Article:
Field Guide to the Field Guide

Displaying all posts from Jul 2011:


A face for your field guide

5 August, 2011 15:42 by Simon O

Part Two: Splash Screens and App Icons

In the first post of this series, we illustrated how to create optimised versions of your photos at various required sizes for output. Using these same principles, in this post, were going to show you how to create images for your splash screen and home screen.

One thing to think about if you havent already is the visual identity of your field guide. What will it look like in terms of a logo, branding, colours and featured imagery? This is based on your intended audience and the feeling you'd like to convey. Also give some thought to the consistency of the brand across the various aspects of your app. Using only one or two typefaces and a consistent colour scheme helps your app appear not just professional, but like you've put some thought into how your app represents your content, which you've no doubt been crafting for a long time. If this all sounds foreign to you, its worth getting a graphic designer involved to help you through this process.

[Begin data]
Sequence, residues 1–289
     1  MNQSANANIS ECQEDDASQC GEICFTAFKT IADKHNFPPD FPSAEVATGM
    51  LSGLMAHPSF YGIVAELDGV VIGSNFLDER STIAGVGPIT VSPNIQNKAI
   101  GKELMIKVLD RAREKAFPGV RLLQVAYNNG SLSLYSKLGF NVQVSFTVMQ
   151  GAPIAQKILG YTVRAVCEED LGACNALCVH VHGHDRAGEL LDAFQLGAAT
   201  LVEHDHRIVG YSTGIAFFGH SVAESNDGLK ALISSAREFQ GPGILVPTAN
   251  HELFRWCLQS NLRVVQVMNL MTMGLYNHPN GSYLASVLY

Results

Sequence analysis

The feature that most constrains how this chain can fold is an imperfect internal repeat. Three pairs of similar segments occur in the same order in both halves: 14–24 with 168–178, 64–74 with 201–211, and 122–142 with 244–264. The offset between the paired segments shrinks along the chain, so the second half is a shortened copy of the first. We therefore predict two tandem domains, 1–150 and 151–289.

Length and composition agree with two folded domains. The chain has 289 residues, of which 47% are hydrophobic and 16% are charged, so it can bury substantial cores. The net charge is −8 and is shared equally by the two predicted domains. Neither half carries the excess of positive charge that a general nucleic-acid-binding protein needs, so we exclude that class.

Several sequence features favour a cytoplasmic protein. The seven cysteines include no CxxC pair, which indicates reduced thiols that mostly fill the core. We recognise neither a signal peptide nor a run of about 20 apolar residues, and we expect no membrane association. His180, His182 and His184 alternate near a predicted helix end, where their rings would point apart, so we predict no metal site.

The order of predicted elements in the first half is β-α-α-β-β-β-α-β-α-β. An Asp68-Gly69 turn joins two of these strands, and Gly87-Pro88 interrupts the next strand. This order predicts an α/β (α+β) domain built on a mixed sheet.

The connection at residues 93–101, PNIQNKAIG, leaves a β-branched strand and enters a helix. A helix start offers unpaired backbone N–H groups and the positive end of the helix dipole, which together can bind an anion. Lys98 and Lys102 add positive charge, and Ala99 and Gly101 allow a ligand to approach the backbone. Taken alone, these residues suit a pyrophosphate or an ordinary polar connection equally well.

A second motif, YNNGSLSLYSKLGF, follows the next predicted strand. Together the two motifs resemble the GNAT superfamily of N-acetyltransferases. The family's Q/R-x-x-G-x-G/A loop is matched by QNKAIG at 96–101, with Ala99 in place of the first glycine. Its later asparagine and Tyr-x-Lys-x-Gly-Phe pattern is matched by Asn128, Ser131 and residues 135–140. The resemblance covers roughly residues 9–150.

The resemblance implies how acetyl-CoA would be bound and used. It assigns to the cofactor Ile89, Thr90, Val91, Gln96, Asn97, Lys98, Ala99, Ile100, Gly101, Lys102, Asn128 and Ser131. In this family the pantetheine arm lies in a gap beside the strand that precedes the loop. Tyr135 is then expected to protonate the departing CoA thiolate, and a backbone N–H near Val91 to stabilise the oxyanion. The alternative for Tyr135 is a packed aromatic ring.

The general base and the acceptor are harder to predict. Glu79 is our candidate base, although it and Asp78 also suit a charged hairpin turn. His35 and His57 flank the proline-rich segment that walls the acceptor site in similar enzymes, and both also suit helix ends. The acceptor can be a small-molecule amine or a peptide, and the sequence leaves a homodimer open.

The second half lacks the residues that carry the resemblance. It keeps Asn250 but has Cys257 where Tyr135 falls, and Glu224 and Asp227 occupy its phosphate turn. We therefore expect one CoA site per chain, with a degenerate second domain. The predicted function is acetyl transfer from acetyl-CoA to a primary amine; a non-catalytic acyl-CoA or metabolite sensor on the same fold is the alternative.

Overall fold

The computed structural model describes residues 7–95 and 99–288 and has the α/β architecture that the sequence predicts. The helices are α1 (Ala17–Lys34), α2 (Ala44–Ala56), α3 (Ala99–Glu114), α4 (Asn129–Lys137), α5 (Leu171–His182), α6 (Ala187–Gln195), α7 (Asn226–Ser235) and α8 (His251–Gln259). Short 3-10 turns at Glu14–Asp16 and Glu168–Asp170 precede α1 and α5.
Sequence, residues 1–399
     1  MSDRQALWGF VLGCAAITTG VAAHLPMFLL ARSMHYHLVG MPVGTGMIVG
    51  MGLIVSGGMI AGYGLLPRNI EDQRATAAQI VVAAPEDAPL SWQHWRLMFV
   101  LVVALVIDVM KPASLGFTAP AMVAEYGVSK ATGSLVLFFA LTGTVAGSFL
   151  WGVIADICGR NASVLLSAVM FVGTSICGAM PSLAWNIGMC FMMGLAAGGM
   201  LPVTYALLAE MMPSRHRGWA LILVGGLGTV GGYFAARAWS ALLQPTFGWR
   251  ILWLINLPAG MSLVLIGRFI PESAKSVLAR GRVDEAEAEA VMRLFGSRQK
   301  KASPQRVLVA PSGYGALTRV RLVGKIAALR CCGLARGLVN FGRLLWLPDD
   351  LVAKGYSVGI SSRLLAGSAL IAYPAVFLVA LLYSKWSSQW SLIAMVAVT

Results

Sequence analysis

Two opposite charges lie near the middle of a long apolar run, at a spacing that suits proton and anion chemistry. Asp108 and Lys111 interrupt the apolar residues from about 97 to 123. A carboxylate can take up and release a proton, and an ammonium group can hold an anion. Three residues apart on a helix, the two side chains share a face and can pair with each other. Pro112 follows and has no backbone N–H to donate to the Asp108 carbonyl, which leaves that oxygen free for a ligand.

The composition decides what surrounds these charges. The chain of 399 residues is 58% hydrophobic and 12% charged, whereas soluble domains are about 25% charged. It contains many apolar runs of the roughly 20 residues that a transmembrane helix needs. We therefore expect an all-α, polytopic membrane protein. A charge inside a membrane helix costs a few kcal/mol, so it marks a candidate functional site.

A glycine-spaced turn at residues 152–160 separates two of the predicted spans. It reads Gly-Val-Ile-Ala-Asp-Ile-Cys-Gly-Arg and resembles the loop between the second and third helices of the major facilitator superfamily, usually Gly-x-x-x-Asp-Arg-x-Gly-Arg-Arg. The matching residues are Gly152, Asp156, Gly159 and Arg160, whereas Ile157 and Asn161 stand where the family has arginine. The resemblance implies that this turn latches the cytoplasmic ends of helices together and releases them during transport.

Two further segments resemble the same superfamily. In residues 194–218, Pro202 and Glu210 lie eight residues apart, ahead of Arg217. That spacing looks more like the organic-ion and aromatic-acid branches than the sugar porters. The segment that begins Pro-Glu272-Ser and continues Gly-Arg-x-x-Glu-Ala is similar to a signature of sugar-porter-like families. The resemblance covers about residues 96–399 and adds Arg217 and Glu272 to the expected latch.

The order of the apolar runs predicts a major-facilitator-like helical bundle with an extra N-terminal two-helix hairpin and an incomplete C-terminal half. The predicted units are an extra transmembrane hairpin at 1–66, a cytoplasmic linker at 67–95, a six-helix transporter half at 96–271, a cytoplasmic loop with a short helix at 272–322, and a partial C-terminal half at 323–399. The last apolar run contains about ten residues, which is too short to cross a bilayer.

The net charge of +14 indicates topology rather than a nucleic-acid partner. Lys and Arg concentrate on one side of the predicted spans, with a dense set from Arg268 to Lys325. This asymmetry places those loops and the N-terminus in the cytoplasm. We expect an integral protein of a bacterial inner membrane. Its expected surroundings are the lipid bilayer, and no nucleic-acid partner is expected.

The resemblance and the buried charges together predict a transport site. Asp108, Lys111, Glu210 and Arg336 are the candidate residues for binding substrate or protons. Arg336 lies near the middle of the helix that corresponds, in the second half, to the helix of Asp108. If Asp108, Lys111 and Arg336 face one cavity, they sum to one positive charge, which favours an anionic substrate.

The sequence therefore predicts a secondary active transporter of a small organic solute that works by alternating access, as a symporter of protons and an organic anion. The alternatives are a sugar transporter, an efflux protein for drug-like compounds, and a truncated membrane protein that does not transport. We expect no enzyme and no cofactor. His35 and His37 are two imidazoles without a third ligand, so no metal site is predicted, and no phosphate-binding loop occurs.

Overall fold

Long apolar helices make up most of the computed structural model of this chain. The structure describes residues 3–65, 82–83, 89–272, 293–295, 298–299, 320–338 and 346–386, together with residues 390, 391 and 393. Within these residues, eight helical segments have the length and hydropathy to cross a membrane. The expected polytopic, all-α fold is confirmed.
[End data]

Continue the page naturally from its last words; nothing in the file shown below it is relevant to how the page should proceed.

So once you have a look that would make Beyoncé jealous, youll need to think about what it is you want to display when your users start up the app the splash screen or launch image. This is the first thing users will see once they launch your app. It only shows for a few seconds, so keep it as simple as possible. Think of your splash screen as a billboard. If you're driving down a freeway and see an advertisement on the side of the road, you've got a couple of seconds (if that) to read it. So it's best to save that essay for inside the app.

As far as technical requirements are concerned, there are a few versions to consider. For an iPad app splash screen, youll need a PNG or JPEG image with dimensions of 768 x 1004 pixels. The iPhone and iPod Touch splash screen requires a 640 x 960 pixel image for the Retina Display (Apples 326ppi high density display). You'll also need to supply a version at half the size (320 x 480) for iPhones and iPod Touches that arent young enough to have a Retina Display. Here are some examples of the screens we created for the Museum Victoria Field Guide..

 Splash Screens from MV's Field Guide

To get a feel for how your splash screen will look in the real world, you may like to preview these at their native size on the device before you proceed with development. One way to do this is to import the images into iPhoto and then sync them with your iPhone, iPod or iPad.